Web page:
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IBS, Crohn’s Disease, Colitis, and Other Digestive Disorders

 
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Research highlights IBS drugs offering best risk-benefit odds

  [ 12 votes ]   [ Post a Comment ]
www.ProHealth.com • March 26, 2012


Based on analysis of more than two dozen major clinical trials, two well-studied drug therapies – rifaximin and lubiprostone – offer irritable bowel syndrome (IBS) patients the best odds of benefit without harmful side effects, according to research led by the GI Motility Lab at Cedars-Sinai Medical Center in New York.

Led by Motility Lab Director Mark Pimentel, MD, the team published their findings online Mar 26 in The American Journal of Medicine.

“For the millions of patients who suffer from IBS [one in five US adults], effective treatment options have been very scarce,” Dr. Mark Pimentel says. Patients with IBS may experience a diarrheal form of the condition, a constipational form, or some combination, he explains. Frequent symptoms include abdominal pain or cramps, excess gas or bloating and visible abdominal distension.

Many Therapies Involve Side Effects

But drug therapies employed to treat IBS cause troubling side effects of their own, including nausea, insomnia, palpitations and decreased appetite. In an effort to sort out which treatments may provide benefits with the least risk of harm, the Cedars-Sinai team reviewed and compared the results of dozens of large-scale IBS drug trials.

For diarrhea forms of the condition, they evaluated:

• Tricyclic antidepressants;

• Alosetron, a drug that slows movement of stool in the gut;

• And rifaximin, an antibiotic that stays in the gut rather than disseminating into the blood stream and is currently FDA-approved to treat traveler’s diarrhea and hepatic encephalopathy.

For constipation forms of IBS, the researchers examined:

• Antidepressants known as serotonin reuptake inhibitors and

lubiprostone, a drug that promotes gut secretion.

The Research Found Striking Differences

On the one hand:

•  For every 2.3 patients who benefited from tricyclic antidepressants, 1 suffered harmful side effects and had to stop taking the medication.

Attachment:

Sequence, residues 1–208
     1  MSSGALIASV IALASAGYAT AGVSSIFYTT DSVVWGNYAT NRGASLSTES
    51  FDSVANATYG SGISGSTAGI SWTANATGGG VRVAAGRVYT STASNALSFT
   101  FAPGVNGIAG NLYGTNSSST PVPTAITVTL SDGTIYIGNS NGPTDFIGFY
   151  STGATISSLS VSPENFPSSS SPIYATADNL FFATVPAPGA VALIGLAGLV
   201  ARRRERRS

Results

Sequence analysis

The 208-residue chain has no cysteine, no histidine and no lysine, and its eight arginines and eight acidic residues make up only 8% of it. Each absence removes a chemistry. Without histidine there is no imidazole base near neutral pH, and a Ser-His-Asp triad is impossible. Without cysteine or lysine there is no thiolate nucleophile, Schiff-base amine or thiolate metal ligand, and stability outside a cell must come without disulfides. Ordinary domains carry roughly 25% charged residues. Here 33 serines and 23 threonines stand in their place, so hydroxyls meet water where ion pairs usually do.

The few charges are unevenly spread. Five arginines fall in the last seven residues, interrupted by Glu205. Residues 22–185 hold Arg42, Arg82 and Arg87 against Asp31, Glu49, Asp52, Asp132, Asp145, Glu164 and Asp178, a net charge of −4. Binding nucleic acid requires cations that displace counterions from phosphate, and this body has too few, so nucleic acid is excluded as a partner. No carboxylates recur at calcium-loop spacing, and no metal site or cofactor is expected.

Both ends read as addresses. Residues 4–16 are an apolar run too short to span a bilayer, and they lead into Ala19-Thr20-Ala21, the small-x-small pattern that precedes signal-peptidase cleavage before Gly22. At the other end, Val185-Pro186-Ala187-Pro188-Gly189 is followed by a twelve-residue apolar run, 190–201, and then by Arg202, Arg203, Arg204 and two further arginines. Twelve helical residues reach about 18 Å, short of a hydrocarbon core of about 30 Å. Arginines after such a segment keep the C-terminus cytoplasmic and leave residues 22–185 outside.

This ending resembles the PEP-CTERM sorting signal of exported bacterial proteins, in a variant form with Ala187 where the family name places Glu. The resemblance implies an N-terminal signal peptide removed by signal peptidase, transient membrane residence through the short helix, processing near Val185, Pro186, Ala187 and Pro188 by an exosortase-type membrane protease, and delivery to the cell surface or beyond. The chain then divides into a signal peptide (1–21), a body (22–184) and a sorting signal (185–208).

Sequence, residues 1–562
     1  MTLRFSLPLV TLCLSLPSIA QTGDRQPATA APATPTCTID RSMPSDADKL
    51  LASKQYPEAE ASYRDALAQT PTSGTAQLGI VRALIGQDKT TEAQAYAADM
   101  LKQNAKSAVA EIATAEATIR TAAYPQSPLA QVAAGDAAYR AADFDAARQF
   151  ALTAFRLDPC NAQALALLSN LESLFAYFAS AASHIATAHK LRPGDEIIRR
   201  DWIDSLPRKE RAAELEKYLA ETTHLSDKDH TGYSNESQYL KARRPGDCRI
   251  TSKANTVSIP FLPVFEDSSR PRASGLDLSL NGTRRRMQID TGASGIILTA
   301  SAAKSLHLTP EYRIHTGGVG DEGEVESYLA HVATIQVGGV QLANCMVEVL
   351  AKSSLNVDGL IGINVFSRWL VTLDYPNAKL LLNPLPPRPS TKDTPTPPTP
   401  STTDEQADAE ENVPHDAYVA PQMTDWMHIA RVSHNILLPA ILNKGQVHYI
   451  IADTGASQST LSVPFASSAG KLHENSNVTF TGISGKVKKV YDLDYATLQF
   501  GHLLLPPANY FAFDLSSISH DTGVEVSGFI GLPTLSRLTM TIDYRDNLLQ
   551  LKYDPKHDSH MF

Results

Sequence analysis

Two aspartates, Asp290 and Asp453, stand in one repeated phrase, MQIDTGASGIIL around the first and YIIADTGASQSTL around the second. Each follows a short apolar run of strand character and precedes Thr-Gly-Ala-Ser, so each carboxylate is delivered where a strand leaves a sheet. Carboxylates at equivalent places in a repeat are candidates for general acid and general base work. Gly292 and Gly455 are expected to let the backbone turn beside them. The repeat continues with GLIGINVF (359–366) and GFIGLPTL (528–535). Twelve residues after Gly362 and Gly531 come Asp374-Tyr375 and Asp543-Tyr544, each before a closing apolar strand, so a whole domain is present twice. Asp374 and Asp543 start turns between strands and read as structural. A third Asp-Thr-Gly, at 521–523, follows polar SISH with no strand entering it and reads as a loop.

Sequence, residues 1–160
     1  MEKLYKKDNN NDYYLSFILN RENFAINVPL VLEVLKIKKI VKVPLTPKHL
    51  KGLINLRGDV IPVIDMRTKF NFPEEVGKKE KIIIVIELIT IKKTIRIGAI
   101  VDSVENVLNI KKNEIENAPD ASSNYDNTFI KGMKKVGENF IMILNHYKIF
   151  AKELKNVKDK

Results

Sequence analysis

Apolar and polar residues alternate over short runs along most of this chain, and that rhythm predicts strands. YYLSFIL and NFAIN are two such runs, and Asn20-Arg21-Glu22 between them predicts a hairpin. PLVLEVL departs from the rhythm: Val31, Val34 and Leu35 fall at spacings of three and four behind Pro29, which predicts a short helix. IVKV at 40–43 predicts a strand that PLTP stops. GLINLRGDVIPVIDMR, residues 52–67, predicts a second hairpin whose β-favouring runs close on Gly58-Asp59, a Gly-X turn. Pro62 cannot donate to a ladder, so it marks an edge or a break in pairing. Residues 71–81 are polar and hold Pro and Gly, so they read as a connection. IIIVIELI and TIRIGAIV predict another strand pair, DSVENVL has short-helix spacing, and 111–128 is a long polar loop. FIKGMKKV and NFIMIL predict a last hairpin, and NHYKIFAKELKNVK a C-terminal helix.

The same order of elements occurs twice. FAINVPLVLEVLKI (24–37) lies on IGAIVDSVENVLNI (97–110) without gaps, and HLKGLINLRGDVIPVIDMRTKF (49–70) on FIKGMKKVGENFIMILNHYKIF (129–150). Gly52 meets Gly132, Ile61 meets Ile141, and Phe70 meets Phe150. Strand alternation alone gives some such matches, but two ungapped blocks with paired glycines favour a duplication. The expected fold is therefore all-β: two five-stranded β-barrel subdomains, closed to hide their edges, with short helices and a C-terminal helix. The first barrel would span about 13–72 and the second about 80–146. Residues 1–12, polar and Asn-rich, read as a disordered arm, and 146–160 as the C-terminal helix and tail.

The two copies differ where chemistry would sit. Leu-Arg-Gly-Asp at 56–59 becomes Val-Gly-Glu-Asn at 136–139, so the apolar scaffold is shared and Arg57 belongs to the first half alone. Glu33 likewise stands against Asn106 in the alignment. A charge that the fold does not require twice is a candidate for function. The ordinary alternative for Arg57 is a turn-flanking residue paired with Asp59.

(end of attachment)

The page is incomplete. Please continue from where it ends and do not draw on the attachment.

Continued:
•  For every 2.6 patients helped by alosetron, 1 had to halt the drug.

By contrast:

•  For every 846 patients aided by rifaximin, 1 had to discontinue the medication.

•  Lubiprostone and serotonin reuptake inhibitors demonstrated a complete lack of “harm” to IBS patients with constipation, as defined by the study.

“We found that rifaximin and lubiprostone have the lowest level of harmful side effects of all the well-studied drug therapies for IBS,” says Dr. Pimentel. “This underscores the need for us to continue to monitor new therapies for this disease,” he adds. “While it is important to see benefit with drugs, harm is something we do not often assess well."

Besides Cedars-Sinai, other centers participating in the research included the School of Medicine at Texas Tech University’s Health Sciences Center; the UCLA Department of Medicine; Beth Israel Deaconess Medical Center; and Harvard Medical School. Funding for the study was provided by the Beatrice and Samuel A. Seaver Foundation.

The researchers note that: Dr. Pimentel discovered the use of rifaximin for IBS. Cedars-Sinai holds patent rights to the discovery and has a licensing agreement with Salix Pharmaceuticals Inc., which markets the drug. Dr. Pimentel is a consultant to Salix and serves on its scientific advisory board. None of the authors is affiliated with lubiprostone maker Takeda Pharmaceuticals or other drugs that were evaluated.

Source: Based on Cedars-Sinai Medical Center press release, Mar 26, 2012




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